• Tom Welsh

            “Otherwise, as I keep pointing out, NATO would close the Dover and Bosphorus Straits to Russia. Are you really too thick to see that?”

            Craig, although it’s a minor point,

            1. NATO cannot close the Bosphorus. That is the sole prerogative of Turkey; and whether the Turkish government would comply with such a request seems exceedingly doubtful. Indeed, I can think of few things more calculated to tip Turkey away from NATO and into the Russia camp.

            2. As for the Channel – so what? Russian ships have no need to use it. They are much safer, indeed, giving the UK a wide berth and sailing further out in the Atlantic.

          • CanSpeccy

            “Now they have to let them go, or declare it was an act of war.”

            You have repeatedly said that, but it is bollocks for the obvious reason that Russia does not want a war with Ukraine, whereas Ukraine, presumably backed by the US and NATO wants a war with Russia. Why would Russia oblige them merely to avoid criticism on legalistic grounds over a mere triviality. It’s not as if they made the Ukrainian sailors walk the plank or left them to die of their injuries. You pushing a tendentious and frankly ridiculous argument.

      • Tony_0pmoc

        Craig,

        You did commit a crime, by burrowing under the fence, and then staying in a hotel, and coming back the next day??? Don’t you like camping or what? I’m not suggesting that what you did was illegal, but it was hardly in the spirit of such things. My “Sis” who is a very good friend, and we are not related, except she comes from Lancashire like us, used all her holidays, whilst training to be a nurse, at Greenham Common, providing the best nursing care and facilities, that she could, completely free and independent, when she was a teenager. She never boasts about it, just mentions it in passing – and she is still just the same now.

        Both my older brothers were in the TA Royal Army Medical Corps. They didn’t want to shoot anyone either.

        Just look at the State of the current morons in control, who have probably never even been on a Scout Camp. I did, but it was called The St Vincent-De-Paul and I went with my friends from school when I was 10 years old.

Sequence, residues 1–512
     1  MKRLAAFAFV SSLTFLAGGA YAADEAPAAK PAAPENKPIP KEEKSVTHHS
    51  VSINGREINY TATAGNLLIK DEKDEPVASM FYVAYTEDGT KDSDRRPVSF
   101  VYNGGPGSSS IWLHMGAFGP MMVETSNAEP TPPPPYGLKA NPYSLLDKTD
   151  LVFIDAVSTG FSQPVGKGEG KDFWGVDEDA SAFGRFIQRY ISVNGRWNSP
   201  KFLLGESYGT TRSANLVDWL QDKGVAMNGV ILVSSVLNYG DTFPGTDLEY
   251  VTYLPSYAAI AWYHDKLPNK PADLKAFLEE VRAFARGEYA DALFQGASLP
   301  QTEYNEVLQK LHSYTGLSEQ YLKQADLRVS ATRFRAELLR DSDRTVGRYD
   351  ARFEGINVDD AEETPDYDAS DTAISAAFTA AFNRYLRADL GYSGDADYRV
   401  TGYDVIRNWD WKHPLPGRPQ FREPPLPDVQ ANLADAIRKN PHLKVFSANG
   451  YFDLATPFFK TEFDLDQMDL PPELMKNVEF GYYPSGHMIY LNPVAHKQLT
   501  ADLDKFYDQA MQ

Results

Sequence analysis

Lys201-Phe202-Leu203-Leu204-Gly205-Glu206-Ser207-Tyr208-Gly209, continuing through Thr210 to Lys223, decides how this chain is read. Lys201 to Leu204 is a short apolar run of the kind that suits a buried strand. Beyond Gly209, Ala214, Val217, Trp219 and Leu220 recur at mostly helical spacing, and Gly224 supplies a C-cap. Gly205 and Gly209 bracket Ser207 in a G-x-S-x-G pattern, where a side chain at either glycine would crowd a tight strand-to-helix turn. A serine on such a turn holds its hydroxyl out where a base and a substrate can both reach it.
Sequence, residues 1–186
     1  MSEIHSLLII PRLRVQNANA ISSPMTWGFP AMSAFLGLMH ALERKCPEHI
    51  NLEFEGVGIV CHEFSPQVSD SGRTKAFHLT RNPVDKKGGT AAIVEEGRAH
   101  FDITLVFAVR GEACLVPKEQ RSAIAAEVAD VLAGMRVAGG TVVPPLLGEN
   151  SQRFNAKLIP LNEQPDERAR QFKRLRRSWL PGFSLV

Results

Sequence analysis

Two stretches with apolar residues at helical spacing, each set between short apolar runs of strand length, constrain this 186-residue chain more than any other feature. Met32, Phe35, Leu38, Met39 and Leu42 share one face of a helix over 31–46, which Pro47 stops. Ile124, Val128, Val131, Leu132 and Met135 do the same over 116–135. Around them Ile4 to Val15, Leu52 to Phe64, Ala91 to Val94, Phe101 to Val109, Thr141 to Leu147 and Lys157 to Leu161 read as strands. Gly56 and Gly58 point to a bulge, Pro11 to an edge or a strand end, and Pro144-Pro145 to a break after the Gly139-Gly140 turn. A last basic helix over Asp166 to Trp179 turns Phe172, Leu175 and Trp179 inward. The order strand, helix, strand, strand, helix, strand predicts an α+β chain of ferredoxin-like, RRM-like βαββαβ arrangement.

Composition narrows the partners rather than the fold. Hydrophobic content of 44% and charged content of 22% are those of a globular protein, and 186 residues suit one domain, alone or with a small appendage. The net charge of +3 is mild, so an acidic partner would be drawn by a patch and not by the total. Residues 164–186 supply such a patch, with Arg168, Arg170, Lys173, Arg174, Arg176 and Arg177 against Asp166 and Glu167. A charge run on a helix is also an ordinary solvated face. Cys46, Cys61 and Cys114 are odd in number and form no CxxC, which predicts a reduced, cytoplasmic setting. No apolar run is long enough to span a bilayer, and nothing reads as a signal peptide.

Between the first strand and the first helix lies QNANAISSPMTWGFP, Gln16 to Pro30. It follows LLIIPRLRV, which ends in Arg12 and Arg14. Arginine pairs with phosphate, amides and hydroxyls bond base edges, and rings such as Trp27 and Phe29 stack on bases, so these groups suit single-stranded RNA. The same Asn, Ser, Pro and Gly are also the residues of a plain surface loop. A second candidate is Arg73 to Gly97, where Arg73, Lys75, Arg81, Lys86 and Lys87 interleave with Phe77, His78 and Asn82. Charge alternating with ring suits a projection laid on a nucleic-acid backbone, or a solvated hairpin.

The girls came too.

        My Mum was in Scotland at the time, and I sent her a letter. She seemed really proud of me, and read it out to all her Scottish relations and friends. She told me, when she got back, and I got back home to Oldham from Mablethorpe

        I still think you are nice bloke, even though I have never met you.

        Tony

      • SA

        Don’t really understand what you are trying to say but these were events during the Soviet Era a regime now gone. However, the British and US regimes are the same as far as I know, and in response to your frivolous post here is my less frivolous answer: Iran 1953, Suez 1956, Chili 1973, Balkan interventions 1990s, Afghanistan 2002, Iraq 2003, Libya 2011, Ukraine 2014, Yemen 2015, Syria 2011? And the list is not comprehensive.

    • Hmmm

      You’re certainly no historian! And yet you always give beautiful accounts from many of the interesting times you’ve lived through.
      Russia invaded (basically took a stroll through) Georgia in 2008.
      USSR invaded Finland in 1939. Not long after invading Poland iirc. ..
      There are no good guys when it comes to geopolitical shenanigans

  • Steve Steglitz

    Russia has every reason to distrust the Ukrainian gangster government serving US geopolitical goals and its military. I’m not convinced that just this once the corrupt Kiev government led by Petro Poroshenko was acting morally.